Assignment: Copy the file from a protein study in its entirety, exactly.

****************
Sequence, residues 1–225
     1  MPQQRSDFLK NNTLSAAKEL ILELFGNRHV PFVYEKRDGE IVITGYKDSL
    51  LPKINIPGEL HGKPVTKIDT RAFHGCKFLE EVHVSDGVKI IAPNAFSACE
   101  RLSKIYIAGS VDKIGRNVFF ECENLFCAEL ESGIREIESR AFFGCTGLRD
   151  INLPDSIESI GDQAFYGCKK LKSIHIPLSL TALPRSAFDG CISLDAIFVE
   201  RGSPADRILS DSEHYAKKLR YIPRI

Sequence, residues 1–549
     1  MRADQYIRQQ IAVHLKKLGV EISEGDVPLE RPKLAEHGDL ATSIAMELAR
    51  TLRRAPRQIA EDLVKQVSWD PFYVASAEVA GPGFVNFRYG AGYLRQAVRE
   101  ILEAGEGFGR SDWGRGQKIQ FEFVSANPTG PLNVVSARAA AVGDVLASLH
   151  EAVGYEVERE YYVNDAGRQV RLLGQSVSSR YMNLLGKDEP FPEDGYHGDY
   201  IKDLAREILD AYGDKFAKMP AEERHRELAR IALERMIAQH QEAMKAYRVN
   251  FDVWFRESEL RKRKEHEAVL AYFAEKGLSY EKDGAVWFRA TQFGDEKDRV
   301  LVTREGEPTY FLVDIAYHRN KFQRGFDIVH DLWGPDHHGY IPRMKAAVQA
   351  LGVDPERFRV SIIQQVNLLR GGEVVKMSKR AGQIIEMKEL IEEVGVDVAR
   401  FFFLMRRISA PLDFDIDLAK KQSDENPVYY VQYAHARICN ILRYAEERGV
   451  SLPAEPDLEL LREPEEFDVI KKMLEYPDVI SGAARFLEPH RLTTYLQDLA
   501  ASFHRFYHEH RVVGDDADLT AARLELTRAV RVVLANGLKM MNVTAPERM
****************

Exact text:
Sequence, residues 1–225
     1  MPQQRSDFLK NNTLSAAKEL ILELFGNRHV PFVYEKRDGE IVITGYKDSL
    51  LPKINIPGEL HGKPVTKIDT RAFHGCKFLE EVHVSDGVKI IAPNAFSACE
   101  RLSKIYIAGS VDKIGRNVFF ECENLFCAEL ESGIREIESR AFFGCTGLRD
   151  INLPDSIESI GDQAFYGCKK LKSIHIPLSL TALPRSAFDG CISLDAIFVE
   201  RGSPADRILS DSEHYAKKLR YIPRI

Sequence, residues 1–549
     1  MRADQYIRQQ IAVHLKKLGV EISEGDVPLE RPKLAEHGDL ATSIAMELAR
    51  TLRRAPRQIA EDLVKQVSWD PFYVASAEVA GPGFVNFRYG AGYLRQAVRE
   101  ILEAGEGFGR SDWGRGQKIQ FEFVSANPTG PLNVVSARAA AVGDVLASLH
   151  EAVGYEVERE YYVNDAGRQV RLLGQSVSSR YMNLLGKDEP FPEDGYHGDY
   201  IKDLAREILD AYGDKFAKMP AEERHRELAR IALERMIAQH QEAMKAYRVN
   251  FDVWFRESEL RKRKEHEAVL AYFAEKGLSY EKDGAVWFRA TQFGDEKDRV
   301  LVTREGEPTY FLVDIAYHRN KFQRGFDIVH DLWGPDHHGY IPRMKAAVQA
   351  LGVDPERFRV SIIQQVNLLR GGEVVKMSKR AGQIIEMKEL IEEVGVDVAR
   401  FFFLMRRISA PLDFDIDLAK KQSDENPVYY VQYAHARICN ILRYAEERGV
   451  SLPAEPDLEL LREPEEFDVI KKMLEYPDVI SGAARFLEPH RLTTYLQDLA
   501  ASFHRFYHEH RVVGDDADLT AARLELTRAV RVVLANGLKM MNVTAPERM